“Time, that sweet luxury, and the close ties it inspires, usually happens in college, when days move slowly around similar events.”
There are 24 hours in a day, 168 hours in a week, and 672 hours in a month. After sleeping and working there is still time left to focus on what matters to you. Yet, time can be wasted very quickly. Over the years I’ve wasted a lot of my time; activities that come to mind include watching bad TV, spending way too much time on Twitter, and going to networking events that I didn’t enjoy.
To manage my time more effectively I’ve incorporated a few very simple time management rules into my daily routine. These simple rules have helped me create more time for solitude, work, exercise and my relationships. Today, I thought I’d share those rules with you!
1. Track it.
Late last year, I felt like I was wasting too much time so I started tracking it. I printed out a copy of my Google calendar and recorded how I spent my time for one week. I recorded all of my activities, including:
-Sleeping -Eating -Exercise -Work -Internet browsing and TV watching. -And other odds and ends.
My time tracking results surprised me. Why? Well, I had a whole lot more time at my disposal than I thought. For example, I noticed that I was spending way too much time on social networks like Twitter and Facebook. So I changed that behavior and starting reading more often.
2. Say no.
At one time I said yes to everything and that ate up my time really quickly. Now I use a different strategy. I only say yes to projects, events, and visits that excite me. Working on Your Lovely Life is a great example of this action plan.
3. Create space for solitude.
By tracking my time and saying no more often, I’ve created space for solitude. I need time by myself to think deeply about ideas and to write. Without alone time, I feel frazzled and unable to come up with good writing ideas.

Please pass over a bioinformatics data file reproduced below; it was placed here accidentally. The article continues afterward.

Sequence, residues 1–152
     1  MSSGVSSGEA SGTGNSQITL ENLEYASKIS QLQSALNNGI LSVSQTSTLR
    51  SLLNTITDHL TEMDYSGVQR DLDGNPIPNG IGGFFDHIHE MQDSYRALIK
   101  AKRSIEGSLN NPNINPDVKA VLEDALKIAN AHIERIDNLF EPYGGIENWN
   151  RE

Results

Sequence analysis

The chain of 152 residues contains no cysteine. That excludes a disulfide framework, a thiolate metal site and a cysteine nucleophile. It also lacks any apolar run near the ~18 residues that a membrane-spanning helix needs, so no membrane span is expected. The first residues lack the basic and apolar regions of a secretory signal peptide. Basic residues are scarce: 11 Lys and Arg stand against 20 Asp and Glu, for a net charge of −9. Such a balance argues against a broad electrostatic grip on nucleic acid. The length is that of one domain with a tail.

4. Listen to your body.
When I was younger, I would push my body to it’s limits. If my knee was feeling bad, I’d keep biking or running regardless of the pain. Now I listen to my body. For example, I wasn’t feeling good last week and had to forgo a "girls night" with my friends. I didn’t want to give-up a night on the town but I needed to catch-up on sleep. And that saved me a lot of time. Rather than battling a cold for a week, it was gone in a few days.
5. Limit TV consumption.
In 2006 we gave our TV away to a friend and I don’t miss it. Occasionally, I watch a movie or The Daily Show with Logan on the computer. And when I’m at my parents place I watch the Discovery Channel or Animal Planet. Over the course of a month, I watch two or three hours of TV. Five years ago, I spent about fifteen hours a week in front of the TV; that’s 60 hours a month! Instead of zoning out in front of the TV, I love snuggling up with a good book.
6. Use the Internet mindfully.
In July of 2011, I took a month long digital sabbatical because I needed a break from the web. The sabbatical helped me refocus and re-prioritize my online time. For example, when I open up my browser I’m intentional about what I’m doing, whether that means doing research or checking my email. Just like TV, I can spend way too many hours on the Internet. I love the Internet, but I also know there are only so many hours in a day.
By incorporating these six simple rules into my daily routine, I’m a whole lot happier and healthier. And it all started with the simple act of tracking my time.